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Special> NPC & CPPCC Sessions 2015> Exclusive
UPDATED: March 8, 2015 NO. 11 MARCH 12, 2015
Market Dynamism

In the process of developing and nurturing its economic system, the reorientation of governmental functions toward the market represents a fundamental strategy of the Chinese Government.

Since the scheme for comprehensively bolstering reforms was first put forward in November 2013, a series of measures have been introduced: the streamlining of government administration, the devolution of power to lower levels, and the lowering or outright removal of the thresholds for investment.

Over the past year, these reforms have greatly furthered China's economic transformation and upgrade. The environment for private and foreign capital has improved immeasurably.

Although the strides recently taken have doubtlessly been impressive, they still have not gone sufficiently far. Nothing less than the wholesale dismantling of a status quo in which state capital enjoys a position of privilege in economic activities represents the key to securing a decisive role for the market in the distribution of resources. Therefore, further reform of its state-owned enterprises (SOEs) is systemic to enabling China to better balance the relationship between the government and the market.

China is now launching yet another round of reforms on SOEs. Detailed reform schemes have been submitted to the Central Government, which are expected to be formally announced after this March's annual NPC and CPPCC National Committee sessions.

This latest reform plan will most likely center on measures long anticipated by the market such as the overhaul of mixed ownership and the proliferation of share ownership among SOE employees. The purpose is to retain state-owned capital's controlling interest, while reducing its proportion in the enterprises' overall capital composition.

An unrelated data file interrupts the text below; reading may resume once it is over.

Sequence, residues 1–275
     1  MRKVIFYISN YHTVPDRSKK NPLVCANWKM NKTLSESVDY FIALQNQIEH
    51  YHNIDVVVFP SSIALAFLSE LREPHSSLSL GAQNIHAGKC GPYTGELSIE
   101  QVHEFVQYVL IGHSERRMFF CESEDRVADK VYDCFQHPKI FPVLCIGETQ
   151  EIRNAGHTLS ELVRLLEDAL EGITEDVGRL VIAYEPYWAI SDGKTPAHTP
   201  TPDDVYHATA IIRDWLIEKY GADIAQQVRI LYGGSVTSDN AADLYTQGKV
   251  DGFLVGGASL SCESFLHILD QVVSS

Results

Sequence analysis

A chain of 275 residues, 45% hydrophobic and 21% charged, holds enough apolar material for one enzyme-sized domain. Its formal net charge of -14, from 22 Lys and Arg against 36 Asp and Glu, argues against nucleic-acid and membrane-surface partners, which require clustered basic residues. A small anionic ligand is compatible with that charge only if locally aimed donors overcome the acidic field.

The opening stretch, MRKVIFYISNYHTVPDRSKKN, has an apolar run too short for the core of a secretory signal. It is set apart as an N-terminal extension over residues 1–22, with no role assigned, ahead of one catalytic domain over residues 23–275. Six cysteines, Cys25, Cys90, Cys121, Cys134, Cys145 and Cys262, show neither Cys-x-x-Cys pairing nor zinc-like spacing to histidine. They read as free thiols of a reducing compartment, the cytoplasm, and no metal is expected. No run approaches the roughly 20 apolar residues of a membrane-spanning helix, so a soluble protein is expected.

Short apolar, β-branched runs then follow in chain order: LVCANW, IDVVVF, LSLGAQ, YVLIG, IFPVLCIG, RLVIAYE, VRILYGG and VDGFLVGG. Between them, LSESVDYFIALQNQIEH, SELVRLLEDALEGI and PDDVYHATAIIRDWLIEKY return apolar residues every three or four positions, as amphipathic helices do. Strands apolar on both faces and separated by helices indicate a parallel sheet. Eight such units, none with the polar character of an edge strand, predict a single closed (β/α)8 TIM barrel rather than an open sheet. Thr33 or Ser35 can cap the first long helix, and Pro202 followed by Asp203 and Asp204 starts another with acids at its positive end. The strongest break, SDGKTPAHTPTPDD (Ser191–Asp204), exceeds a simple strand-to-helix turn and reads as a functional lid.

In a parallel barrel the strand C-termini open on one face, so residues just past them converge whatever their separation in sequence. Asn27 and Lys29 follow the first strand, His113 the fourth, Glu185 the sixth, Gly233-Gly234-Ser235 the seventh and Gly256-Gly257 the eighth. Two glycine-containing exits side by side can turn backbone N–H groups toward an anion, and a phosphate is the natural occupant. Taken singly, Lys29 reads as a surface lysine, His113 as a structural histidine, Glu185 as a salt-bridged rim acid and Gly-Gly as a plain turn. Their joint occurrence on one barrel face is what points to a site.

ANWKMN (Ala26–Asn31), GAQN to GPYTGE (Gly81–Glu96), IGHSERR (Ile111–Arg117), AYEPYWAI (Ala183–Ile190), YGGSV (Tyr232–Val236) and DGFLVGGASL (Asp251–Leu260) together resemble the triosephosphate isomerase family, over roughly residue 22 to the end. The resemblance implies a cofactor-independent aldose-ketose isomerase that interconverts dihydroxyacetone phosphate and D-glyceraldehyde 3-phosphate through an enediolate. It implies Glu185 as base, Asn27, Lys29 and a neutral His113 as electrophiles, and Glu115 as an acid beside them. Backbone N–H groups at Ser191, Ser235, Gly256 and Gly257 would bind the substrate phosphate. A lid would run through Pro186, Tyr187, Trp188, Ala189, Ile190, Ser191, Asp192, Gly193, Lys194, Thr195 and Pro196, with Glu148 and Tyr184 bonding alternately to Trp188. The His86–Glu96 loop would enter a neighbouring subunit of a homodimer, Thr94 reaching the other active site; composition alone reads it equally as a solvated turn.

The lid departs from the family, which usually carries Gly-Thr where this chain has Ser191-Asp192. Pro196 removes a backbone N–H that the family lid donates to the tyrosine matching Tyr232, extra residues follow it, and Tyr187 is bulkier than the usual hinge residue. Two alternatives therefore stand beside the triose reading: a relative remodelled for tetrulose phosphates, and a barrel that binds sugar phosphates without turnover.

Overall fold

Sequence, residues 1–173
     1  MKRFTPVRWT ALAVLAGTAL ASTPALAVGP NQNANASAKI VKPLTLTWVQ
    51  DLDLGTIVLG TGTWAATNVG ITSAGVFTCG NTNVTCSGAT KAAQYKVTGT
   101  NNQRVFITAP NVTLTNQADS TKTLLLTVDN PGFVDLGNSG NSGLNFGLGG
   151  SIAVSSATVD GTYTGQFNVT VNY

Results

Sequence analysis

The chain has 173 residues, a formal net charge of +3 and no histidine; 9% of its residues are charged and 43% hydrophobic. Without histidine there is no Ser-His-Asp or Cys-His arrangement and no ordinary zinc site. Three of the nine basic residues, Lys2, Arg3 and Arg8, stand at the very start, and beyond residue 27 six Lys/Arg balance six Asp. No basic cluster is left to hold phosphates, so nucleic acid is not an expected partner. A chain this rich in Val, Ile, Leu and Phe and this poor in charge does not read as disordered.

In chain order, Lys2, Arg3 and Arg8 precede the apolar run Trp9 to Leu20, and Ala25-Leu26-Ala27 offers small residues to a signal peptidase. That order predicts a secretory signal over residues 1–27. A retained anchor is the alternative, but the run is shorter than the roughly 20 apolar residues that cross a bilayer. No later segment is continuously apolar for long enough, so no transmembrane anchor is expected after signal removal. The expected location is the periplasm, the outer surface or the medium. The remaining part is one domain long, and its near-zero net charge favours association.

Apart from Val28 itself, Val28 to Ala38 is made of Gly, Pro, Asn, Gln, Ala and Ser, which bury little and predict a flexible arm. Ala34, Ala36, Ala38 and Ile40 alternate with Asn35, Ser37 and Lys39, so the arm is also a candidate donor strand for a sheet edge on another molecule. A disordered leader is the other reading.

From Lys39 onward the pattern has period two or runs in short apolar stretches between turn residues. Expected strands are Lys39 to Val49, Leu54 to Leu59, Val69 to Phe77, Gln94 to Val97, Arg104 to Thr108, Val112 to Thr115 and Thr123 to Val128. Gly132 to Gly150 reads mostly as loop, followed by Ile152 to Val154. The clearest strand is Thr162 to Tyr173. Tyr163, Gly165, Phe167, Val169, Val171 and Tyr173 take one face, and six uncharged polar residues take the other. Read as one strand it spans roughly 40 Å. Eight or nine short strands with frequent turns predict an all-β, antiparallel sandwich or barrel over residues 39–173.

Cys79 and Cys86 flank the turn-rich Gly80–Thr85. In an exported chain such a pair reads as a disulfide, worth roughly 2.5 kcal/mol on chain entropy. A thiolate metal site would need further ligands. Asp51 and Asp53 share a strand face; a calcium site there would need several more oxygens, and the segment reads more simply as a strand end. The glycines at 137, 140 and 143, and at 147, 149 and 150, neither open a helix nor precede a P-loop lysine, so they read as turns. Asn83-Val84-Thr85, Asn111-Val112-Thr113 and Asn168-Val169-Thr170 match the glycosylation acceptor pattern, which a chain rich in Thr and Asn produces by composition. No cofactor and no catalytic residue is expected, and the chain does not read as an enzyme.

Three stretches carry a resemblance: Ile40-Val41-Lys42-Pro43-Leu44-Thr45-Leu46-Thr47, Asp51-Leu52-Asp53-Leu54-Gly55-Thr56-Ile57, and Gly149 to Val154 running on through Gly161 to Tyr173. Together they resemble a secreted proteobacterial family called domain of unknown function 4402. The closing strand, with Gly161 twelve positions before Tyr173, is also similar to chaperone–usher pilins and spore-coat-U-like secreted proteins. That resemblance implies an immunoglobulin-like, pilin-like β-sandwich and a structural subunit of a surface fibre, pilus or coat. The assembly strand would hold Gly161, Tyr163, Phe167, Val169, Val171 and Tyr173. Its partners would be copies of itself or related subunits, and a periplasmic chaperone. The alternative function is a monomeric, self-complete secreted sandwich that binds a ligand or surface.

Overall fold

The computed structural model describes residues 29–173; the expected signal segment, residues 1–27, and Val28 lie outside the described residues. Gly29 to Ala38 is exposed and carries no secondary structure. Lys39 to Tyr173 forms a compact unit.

This will be the third large-scale reform that China has launched on its SOEs, and historic breakthroughs are expected to arise from it. Compared to the first reform in the 1990s, primarily intended to replace the model of a planned economy with a modern corporate system, and the second reform in the early years of this century, designed to break up the monopoly held by SOEs in the domestic market, the recent set of reforms mean to furnish state-owned and non-state-owned capital with a platform upon which they can cooperate and compete equitably with one another.

Meanwhile, the government hopes to facilitate a fresh injection of private capital into SOEs through reforms on the mixed ownership system. This will enable the state-owned and private sectors to enjoy the "best of both worlds," with regard to human and financial capital and play to each other's strengths. The influx of private capital will serve to improve SOEs' business strategies, and, hopefully, private expertise will help minimize strategic mistakes made at SOEs' managerial level and consequently limit the damage done to shareholders' interests.

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